Morning Call: pick of the papers

The ten must-read comment pieces from this morning's papers.

1. Throw out the myths about Margaret Thatcher (Guardian)

 

The reality was that Thatcher was neither popular nor successful economically, writes Ken Livingstone. Labour must make a clean break with her policies.

2. How Labour can answer Blair’s seven questions (Times)

To expand Labour's support, Miliband should be bolder on housing, welfare and land taxation, says New Statesman editor Jason Cowley.

3. Sulking Tony Blair should show Ed Miliband some of the loyalty he demanded (Daily Mirror)

Blair may have been the right man to lead Labour at the 1997 election after John Smith’s death but he was past his sell-by date before the 2005 election, says Kevin Maguire.

4. Britain should not go back to the future (Financial Times)

The UK has been left an economy with a remarkably late-19th century look, writes Martin Wolf.

5. Seven lessons from Thatcher for the Tories (Times)

Her failures as well as her successes are worth analysing, says Tim Montgomerie.

6. Thatcher listened to voters – now it’s Farage who hears their despair (Daily Telegraph)

Ukip is no longer a single-issue party, it is widening its scope and enjoys the common touch with core voters that the main parties lack, says Fraser Nelson. 

7. Benefits don't look quite the electoral winner Cameron presumed (Guardian)

Attitudes to welfare change once people understand the detail, writes Polly Toynbee. For all last week's sound and fury, Labour was 10 points ahead.

8. Back-seat driving is a risky business, especially for Tony Blair (Independent)

The former PM was positively Trappist during the Brown years, says an Independent editorial. Not anymore.

9. A prophecy of prosperity after the gloom (Daily Telegraph)

Keynes and Thatcher each knew that growth would return, and soon than others thought, says Jeremy Warner.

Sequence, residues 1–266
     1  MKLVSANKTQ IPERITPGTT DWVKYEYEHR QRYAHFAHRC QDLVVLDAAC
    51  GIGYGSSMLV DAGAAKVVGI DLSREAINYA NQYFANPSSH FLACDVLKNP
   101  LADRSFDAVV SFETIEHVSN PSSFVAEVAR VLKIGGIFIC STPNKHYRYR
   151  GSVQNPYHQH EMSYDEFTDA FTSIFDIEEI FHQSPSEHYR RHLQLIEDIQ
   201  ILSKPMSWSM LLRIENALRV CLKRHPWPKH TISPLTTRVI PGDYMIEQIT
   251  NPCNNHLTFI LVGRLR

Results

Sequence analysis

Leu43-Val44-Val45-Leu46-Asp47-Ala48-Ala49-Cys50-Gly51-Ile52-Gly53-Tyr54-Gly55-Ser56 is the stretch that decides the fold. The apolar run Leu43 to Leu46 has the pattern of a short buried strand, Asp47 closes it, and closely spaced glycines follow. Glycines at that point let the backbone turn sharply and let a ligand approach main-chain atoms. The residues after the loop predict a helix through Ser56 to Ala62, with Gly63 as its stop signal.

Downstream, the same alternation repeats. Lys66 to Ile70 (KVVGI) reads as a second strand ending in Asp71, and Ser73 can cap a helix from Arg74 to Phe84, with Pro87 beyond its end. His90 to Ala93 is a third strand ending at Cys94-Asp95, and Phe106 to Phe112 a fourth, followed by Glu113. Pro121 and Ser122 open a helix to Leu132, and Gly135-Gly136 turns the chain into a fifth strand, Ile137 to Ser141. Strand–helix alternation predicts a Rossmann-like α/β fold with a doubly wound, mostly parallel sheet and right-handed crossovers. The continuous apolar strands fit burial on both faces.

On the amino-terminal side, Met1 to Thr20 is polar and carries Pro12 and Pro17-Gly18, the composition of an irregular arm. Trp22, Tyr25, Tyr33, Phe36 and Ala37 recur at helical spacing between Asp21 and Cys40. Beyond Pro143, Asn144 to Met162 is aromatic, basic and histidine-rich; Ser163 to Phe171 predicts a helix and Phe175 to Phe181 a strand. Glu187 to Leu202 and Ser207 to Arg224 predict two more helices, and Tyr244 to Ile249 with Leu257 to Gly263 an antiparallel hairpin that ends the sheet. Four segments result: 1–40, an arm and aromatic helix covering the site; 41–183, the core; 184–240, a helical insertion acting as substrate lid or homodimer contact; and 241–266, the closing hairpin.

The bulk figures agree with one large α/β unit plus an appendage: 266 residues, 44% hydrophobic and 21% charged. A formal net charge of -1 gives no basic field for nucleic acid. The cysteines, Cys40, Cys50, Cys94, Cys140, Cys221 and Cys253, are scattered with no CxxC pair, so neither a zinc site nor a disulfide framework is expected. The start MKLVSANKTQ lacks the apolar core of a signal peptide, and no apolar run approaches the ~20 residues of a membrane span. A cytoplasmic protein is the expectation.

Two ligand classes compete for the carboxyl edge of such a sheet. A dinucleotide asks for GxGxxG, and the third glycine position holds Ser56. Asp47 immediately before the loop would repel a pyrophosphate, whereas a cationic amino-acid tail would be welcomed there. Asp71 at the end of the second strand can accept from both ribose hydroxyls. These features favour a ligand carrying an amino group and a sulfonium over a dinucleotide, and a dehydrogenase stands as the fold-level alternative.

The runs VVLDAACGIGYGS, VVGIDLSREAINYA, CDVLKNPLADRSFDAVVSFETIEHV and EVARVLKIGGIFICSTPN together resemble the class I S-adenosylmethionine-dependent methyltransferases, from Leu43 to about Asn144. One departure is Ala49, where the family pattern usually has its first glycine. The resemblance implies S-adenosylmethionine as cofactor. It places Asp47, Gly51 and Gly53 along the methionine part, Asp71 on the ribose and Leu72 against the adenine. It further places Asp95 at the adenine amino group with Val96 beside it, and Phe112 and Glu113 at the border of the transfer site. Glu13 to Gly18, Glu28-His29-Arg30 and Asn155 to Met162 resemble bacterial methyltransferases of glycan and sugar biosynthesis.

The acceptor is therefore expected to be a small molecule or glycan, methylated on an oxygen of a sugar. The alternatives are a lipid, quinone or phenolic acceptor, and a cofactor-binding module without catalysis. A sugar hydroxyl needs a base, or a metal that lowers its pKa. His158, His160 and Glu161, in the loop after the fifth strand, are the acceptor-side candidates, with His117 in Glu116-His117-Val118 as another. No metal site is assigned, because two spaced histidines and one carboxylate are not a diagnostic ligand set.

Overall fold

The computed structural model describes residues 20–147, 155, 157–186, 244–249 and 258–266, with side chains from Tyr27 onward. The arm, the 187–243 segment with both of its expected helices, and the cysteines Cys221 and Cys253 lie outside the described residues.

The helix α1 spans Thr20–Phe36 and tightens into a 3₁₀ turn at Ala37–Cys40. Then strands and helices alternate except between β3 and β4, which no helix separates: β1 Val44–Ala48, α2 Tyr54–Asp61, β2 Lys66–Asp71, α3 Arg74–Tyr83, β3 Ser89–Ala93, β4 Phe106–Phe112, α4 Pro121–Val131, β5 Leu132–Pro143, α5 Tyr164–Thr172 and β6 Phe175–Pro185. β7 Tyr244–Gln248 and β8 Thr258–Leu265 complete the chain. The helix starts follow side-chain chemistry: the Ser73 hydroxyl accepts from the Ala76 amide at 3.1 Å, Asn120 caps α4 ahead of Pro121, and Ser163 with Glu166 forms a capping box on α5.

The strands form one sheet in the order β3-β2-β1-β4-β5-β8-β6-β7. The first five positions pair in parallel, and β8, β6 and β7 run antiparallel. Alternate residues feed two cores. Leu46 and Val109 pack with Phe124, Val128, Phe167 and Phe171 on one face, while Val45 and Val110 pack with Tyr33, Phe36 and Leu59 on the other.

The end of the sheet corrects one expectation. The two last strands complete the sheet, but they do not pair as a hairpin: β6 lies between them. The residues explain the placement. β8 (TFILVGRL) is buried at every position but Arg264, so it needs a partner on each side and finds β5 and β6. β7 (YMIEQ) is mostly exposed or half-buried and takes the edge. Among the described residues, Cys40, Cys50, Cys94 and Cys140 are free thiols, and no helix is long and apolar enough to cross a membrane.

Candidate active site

10. Margaret Thatcher: Corporation blues (Guardian)

Conservative hostility towards the BBC was a constant theme in the Thatcher era, notes a Guardian editorial. With her death there has been a fresh spike.

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Quiz: Can you identify fake news?

The furore around "fake" news shows no sign of abating. Can you spot what's real and what's not?

Hillary Clinton has spoken out today to warn about the fake news epidemic sweeping the world. Clinton went as far as to say that "lives are at risk" from fake news, the day after Pope Francis compared reading fake news to eating poop. (Side note: with real news like that, who needs the fake stuff?)

The sweeping distrust in fake news has caused some confusion, however, as many are unsure about how to actually tell the reals and the fakes apart. Short from seeing whether the logo will scratch off and asking the man from the market where he got it from, how can you really identify fake news? Take our test to see whether you have all the answers.

 

 

In all seriousness, many claim that identifying fake news is a simple matter of checking the source and disbelieving anything "too good to be true". Unfortunately, however, fake news outlets post real stories too, and real news outlets often slip up and publish the fakes. Use fact-checking websites like Snopes to really get to the bottom of a story, and always do a quick Google before you share anything. 

Amelia Tait is a technology and digital culture writer at the New Statesman.